4. You’re Dehydrated
Studies have shown that being dehydrated can cause low sodium, which may result in salt cravings (4).
Sodium helps our bodies retain water to keep our cells properly hydrated. But when we don’t drink enough water, our cells can actually lose electrolytes, including sodium (5).
Factors contributing to dehydration include intense exercise and high alcohol or caffeine consumption.
The next time a salt craving comes on, it’s a good idea to throw back a few glasses of water before you reach for a salty snack. If your cravings are persistent, it’s a good idea to track your daily water consumption to make sure you’re drinking enough.
As a general guideline, you should drink at least half of your body weight in pounds, in ounces. For example, if you weigh 150 pounds, you’d drink 75 ounces of water each day, and extra when necessary to compensate for dehydrating beverages or intense physical activity.
The obvious way to stay hydrated is to keep a filled-up glass of water with you so you can sip throughout the day.
Increasing your fruit and vegetable intake also boosts your water intake, while at the same time giving your body a natural source of sodium.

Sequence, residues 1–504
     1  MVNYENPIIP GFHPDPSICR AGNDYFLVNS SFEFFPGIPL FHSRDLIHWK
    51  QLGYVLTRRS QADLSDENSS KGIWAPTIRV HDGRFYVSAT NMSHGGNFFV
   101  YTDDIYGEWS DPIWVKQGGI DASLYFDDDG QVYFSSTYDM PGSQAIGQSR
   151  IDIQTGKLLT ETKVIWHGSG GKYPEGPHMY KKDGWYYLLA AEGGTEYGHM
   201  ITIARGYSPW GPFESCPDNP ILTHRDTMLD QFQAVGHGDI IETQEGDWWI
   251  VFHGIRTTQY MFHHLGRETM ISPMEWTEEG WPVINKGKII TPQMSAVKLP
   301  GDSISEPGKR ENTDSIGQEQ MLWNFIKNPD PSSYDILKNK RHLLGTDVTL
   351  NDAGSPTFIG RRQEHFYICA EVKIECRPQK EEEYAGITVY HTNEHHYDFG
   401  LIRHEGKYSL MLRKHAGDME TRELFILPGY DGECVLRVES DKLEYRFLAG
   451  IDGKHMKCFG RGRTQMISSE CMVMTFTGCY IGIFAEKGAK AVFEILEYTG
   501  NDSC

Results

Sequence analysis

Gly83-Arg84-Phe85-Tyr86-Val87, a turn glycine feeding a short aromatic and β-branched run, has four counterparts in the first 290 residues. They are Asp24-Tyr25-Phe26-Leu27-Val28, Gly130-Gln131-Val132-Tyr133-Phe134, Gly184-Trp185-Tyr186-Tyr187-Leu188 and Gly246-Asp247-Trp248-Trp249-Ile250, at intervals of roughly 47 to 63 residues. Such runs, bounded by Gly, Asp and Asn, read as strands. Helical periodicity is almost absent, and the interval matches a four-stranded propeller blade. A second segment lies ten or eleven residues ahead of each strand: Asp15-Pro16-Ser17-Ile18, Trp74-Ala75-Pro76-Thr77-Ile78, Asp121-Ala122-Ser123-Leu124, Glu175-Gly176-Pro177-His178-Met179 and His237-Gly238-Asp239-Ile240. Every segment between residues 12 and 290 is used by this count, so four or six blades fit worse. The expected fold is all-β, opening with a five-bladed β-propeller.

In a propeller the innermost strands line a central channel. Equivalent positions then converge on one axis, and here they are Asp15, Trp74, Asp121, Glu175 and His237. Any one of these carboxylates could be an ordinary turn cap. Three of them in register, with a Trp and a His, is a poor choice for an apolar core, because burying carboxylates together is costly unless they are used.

The easiest way to up your fruit and veg intake is by starting off your day with a green smoothie each morning. And green smoothies don’t have to be boring or taste like grass. Here are 11 Green Smoothie Recipes That Will Rock Your Tastebuds.
5. You’re Drinking Too Much Water
It sounds counterintuitive but you can actually drink flush sodium out of your body by drinking too much water
Just like physical activity causes your body to release sodium through sweat, drinking too much water can dilute the amount of sodium in your blood.
This is another reason why tracking your daily water intake can be help determine whether your salt cravings are caused by too much (or too little) water.
6. You’re Eating Too Much Salt
The more you eat something, the more you tend to crave it. So, if your diet is already rich in salt, that could be the reason you crave salty foods on a regular basis.
Estimates show that the average American consumes anywhere between 3,400 to 5,000 mg of sodium per day, and sometimes more. That’s significantly higher than the daily recommended allowance of 2,300 mg.
What’s worse: most of this sodium is coming from processed table salt found in packaged food, boxed foods, and restaurant meals.
If you’re craving salt because you already have a lot of it in your diet, there really is no quick fix besides cutting back the amount of sodium in your diet.